The next one was more painful because it was probably my fault. I got so caught up with Uni that I neglected her at a time when she probably needed me the most. It's worth mentioning that when I say ‘caught up’ I don’t just mean getting blackout drunk every other night, but genuinely dealing with everything that Uni impacted, such as my mental health. Nevertheless, we lost a connection that could’ve easily been maintained with a bit more effort on both our parts. We still talk, and I know that if we went out for lunch tomorrow it wouldn’t feel completely different. It’s just not quite the same.


But making new friends is equally as hard. Making new friends means putting yourself in uncomfortable situations. Making new friends means socialising even when your social timer has reached zero. And if you’re anything like me: an individual that enjoys their own company a lot of the time, you may worry about being labelled ‘anti-social.’ I had this chronic fear that I would say no once and then everyone would forget that I even existed- whilst they were making lifelong bonds I would be stuck, forever in quarantine. One night, when I was probably at my lowest, I decided to stay in. Granted, I did still feel like I missed out, especially as they spilled all the tea to me the following day, but I didn’t regret that decision. I needed the time to recuperate and recharge my social battery so I could be 100% myself the next time. Did it fault our relationship? Not at all. Sometimes these irrational fears are simply just that, irrational.


Uni is difficult because everyone wants the chance to reinvent themselves: I sure did. And because of that drive to be someone new, we exhaust ourselves trying to keep up a façade. I miss being low and inviting my best friend over just to sit and not talk. We would simply sit there in silence, eat Chinese and watch whatever sad movie we could find (I would highly recommend Clouds on Disney+ for a good cry). Or we would park in the car and It’s hard because it takes time to build friendships like that. What if I never find that person in Leeds who will simply sit on the end of my bed when I feel alone?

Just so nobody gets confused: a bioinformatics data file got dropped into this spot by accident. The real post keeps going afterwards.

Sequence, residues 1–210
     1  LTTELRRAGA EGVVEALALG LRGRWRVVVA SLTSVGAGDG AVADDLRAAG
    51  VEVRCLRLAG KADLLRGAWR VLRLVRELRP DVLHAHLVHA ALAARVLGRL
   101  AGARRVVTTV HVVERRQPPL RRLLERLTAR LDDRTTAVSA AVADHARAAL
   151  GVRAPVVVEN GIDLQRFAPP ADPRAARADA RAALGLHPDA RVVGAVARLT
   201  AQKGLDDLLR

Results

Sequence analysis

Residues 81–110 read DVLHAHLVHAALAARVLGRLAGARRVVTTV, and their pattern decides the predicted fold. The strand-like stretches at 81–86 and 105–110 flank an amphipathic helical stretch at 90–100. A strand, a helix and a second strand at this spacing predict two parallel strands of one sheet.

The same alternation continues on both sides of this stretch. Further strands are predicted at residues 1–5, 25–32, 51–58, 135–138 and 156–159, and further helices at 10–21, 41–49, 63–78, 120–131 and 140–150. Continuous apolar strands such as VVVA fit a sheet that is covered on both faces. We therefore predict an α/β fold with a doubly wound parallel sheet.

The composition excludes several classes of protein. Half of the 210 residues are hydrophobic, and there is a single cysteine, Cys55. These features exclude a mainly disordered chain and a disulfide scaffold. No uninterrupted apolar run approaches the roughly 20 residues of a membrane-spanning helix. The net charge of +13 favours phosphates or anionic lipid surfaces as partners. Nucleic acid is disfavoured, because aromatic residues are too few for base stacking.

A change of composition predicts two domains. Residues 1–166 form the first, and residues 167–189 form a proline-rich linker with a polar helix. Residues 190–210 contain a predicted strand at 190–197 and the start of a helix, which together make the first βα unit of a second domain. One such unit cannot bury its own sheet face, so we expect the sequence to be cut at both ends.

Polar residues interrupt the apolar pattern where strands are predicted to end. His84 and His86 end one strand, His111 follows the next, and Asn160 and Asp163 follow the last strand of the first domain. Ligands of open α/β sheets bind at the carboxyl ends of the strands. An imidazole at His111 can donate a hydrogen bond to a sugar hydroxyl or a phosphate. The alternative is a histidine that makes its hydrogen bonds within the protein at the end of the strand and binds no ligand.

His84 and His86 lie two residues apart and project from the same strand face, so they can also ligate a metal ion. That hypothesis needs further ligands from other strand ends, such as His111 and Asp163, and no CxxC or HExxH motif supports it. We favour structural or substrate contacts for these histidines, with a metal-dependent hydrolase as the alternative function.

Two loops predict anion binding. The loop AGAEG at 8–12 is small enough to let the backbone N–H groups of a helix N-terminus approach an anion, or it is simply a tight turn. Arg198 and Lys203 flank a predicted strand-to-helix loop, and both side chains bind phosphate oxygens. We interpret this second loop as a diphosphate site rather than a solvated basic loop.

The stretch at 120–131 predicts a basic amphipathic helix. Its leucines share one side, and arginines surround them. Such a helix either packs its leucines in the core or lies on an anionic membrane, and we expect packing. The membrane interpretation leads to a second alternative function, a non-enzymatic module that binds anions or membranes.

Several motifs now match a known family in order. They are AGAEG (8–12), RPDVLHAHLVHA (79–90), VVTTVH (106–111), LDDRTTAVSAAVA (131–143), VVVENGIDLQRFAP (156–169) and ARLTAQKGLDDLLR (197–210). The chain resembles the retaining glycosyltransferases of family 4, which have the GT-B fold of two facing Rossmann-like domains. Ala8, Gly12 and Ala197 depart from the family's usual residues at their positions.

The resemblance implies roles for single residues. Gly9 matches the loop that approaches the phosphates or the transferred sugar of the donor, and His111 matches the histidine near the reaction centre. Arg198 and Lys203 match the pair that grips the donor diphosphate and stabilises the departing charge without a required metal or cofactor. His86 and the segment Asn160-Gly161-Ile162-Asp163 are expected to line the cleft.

I’m currently trying to find the balance between building that closeness with my new friends but keeping it with my old friends too. I’m also trying to find the balance between confiding in my friends from home, whilst not actively being a burden on their own Uni experience. I don’t want them to see me call and roll their eyes because ‘Sharnel’s probably crying about something new again’. Yet, I want to maintain our relationship and still share aspects of my life with them. It’s difficult and it sure is one hell of a process.


So, what have all of these experiences taught me about time? Well, in life we often put emphasis on longevity, but some things and some people are just meant to be there for a moment. That didn’t make them any less valuable in the grand scheme of things; I’m thankful for all the people that have entered my life, whether I realised their purpose at the time or not. It just means we have to cherish them, and the moments they give us, in the now rather than focusing on the next.


Words By: Sharnel Wiggins

Edited By: Tamikka Reid